For months,I haven't had sex without thinking about Donald Trump.
It's hard not to,truthfully,when you're queer.Starting with the night I spent huddled over my laptop anxiously awaiting the election results,I've been thinking a lot about not just my sex life in the context of a country that would give ultimate power to someone like Trump,but also my relationships,and laws that might affect them.Not because I want to—like other sex-loving queer people,I want to spend my time reading reviews of emoji-shaped vibrators and watching lesbian YouTubers explain their best and worst sexual experiences much more than I want to read about how a given cabinet pick might ruin my life.But I can't afford to ignore the news.Not now.
Americans are constantly debating about how Donald Trump,the person,actually feels about LGBTQ people.We may not have access to his brain,butwe do have access to his cabinet appointments,and if they're anything to go by,our president has little concern for our lives and rights.His vice president,Mike Pence,has been an ardent supporter of conversion therapy,something thatdestroys the sense of self and humanityof a queer person,often a young one,so much that many who have undergone itresort to suicide.
The denial of our rights alone will likely lead to an increase in homelessness,domestic violence,and poverty—issues our community already facesin large numbers,especially when queer identity intersects with others like race,class,and disability.There's a reason whycalls to LGBTQ hotlines (especially trans crisis lines) skyrocketedfollowing the finalization of the election results.
It's not an easy thing to think about.It's overwhelming to remember that marriage equality passed in the Supreme Court only two years ago.Though it was only one step in the right direction,it gave me hope that I could have a government that believed I was worth the work it took to make positive change happen.Now it feels like I'm just waiting for my rights to roll back.As a queer woman of color,I'm more stressed than ever,and in need of some serious self-care.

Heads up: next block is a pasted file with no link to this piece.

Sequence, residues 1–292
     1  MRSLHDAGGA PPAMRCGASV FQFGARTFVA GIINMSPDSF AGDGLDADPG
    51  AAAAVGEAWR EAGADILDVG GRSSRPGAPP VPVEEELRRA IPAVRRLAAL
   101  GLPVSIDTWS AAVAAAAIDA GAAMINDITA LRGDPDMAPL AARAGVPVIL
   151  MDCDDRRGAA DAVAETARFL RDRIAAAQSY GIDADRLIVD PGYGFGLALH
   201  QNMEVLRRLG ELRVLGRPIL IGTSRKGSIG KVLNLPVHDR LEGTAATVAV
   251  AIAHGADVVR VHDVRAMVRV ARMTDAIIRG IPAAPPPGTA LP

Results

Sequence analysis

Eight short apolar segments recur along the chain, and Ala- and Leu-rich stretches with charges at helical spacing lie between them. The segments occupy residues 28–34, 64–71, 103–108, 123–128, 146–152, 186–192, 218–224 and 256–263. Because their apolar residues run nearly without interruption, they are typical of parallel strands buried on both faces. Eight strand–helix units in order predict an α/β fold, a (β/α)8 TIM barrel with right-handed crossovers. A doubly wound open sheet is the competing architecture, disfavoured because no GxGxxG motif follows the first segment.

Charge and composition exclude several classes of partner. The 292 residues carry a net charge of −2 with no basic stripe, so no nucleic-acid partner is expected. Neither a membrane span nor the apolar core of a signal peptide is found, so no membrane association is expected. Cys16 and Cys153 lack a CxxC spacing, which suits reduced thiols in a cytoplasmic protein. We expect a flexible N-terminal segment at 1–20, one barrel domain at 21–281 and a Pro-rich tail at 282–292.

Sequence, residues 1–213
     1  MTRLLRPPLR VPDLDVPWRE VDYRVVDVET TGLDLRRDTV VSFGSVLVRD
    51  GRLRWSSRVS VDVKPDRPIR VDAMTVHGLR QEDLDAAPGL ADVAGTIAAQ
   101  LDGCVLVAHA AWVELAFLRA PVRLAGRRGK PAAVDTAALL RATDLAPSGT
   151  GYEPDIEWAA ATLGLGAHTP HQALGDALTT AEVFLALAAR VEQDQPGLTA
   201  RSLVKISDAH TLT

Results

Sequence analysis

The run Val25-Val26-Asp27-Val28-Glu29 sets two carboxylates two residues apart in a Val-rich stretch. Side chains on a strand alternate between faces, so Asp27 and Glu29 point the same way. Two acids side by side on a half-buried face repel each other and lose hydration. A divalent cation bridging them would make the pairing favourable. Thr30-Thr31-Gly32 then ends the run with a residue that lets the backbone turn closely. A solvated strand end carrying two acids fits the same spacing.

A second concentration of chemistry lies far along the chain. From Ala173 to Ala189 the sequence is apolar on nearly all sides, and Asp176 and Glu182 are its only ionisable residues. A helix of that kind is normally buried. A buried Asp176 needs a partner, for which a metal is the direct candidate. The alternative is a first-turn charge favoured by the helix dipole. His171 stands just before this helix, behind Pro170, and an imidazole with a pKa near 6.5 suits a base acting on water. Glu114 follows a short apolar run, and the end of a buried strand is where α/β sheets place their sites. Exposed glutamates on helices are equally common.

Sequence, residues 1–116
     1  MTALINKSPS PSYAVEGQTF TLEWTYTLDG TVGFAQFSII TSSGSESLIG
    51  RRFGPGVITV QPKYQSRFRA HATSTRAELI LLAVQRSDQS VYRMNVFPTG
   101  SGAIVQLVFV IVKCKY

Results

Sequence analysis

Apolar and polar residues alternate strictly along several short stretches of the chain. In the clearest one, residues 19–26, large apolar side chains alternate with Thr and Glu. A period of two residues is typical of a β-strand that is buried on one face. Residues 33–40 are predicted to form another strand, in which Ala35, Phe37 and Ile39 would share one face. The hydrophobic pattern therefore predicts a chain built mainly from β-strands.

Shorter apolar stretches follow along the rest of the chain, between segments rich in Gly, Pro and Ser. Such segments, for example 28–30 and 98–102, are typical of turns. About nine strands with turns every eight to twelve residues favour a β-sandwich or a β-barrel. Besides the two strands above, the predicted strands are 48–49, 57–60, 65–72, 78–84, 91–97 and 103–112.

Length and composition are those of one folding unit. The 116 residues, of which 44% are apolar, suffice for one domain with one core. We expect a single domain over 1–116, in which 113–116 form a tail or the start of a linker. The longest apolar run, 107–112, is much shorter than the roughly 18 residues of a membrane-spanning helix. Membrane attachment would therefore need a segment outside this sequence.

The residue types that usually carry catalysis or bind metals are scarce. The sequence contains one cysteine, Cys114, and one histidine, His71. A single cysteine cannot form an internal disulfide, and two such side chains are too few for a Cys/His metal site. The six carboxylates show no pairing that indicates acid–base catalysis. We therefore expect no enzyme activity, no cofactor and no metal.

That's where sex comes in.
Sex is a way to address my needs directly.It's a means of seeking pleasure when everything feels hopeless,of feeling something intense and vibrant when the world around me feels colorless and depression becomes a thick coating on others aspects of my life.Plus,it quite literally increases thepresence of endorphins like dopamine and oxytocinin your body,according to a study in theJournal of Sexual Medicine,which means it makes you feel damn good regardless of what's on fire around you.
Donald Trump's election took my issues with anxiety and depression to a level I'd never experienced,so I found myself wanting to overwhelm my senses and sidestep that bad feeling through sex.And that's exactly what I did.
我做爱,and a lot of it.I bought new sex toys.I tried new things in bed.It's hard to be afraid of asking your partner what they think of a new vibrator when fear is such a real,tangible thing.What's scary about a kink in a world where your president might steal your rights?
And I'm not alone in turning to sex for self-care."The night before the election,I said,‘Let's have sex one more time,in case Hillary doesn't win and we can never have sex again!'" said Alaina Leary,23."I was kidding,but as a queer,trans,disabled person,Trump's win was exhausting.Within a few weeks,I picked myself up and jumped back into activism—and along with it,queer sex.Queer sex with my girlfriend (especially because I'm trans and disabled,and she's half Mexican and Spanish) felt like a rebellion."